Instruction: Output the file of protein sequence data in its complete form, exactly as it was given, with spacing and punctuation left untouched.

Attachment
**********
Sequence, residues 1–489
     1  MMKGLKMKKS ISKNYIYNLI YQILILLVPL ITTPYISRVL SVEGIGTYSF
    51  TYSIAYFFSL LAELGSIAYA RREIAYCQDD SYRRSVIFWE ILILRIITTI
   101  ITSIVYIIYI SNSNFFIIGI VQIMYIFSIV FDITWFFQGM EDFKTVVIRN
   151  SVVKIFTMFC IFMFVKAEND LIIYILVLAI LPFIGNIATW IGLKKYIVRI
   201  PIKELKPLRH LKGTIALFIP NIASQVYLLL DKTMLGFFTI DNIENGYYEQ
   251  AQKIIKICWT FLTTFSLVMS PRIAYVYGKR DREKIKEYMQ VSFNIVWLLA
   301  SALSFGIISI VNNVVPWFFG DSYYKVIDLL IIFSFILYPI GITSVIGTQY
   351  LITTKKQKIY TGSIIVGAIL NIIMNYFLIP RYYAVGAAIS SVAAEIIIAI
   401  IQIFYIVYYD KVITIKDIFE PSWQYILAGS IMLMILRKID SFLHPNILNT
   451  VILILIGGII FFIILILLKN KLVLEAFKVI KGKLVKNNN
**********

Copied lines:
Sequence, residues 1–489
     1  MMKGLKMKKS ISKNYIYNLI YQILILLVPL ITTPYISRVL SVEGIGTYSF
    51  TYSIAYFFSL LAELGSIAYA RREIAYCQDD SYRRSVIFWE ILILRIITTI
   101  ITSIVYIIYI SNSNFFIIGI VQIMYIFSIV FDITWFFQGM EDFKTVVIRN
   151  SVVKIFTMFC IFMFVKAEND LIIYILVLAI LPFIGNIATW IGLKKYIVRI
   201  PIKELKPLRH LKGTIALFIP NIASQVYLLL DKTMLGFFTI DNIENGYYEQ
   251  AQKIIKICWT FLTTFSLVMS PRIAYVYGKR DREKIKEYMQ VSFNIVWLLA
   301  SALSFGIISI VNNVVPWFFG DSYYKVIDLL IIFSFILYPI GITSVIGTQY
   351  LITTKKQKIY TGSIIVGAIL NIIMNYFLIP RYYAVGAAIS SVAAEIIIAI
   401  IQIFYIVYYD KVITIKDIFE PSWQYILAGS IMLMILRKID SFLHPNILNT
   451  VILILIGGII FFIILILLKN KLVLEAFKVI KGKLVKNNN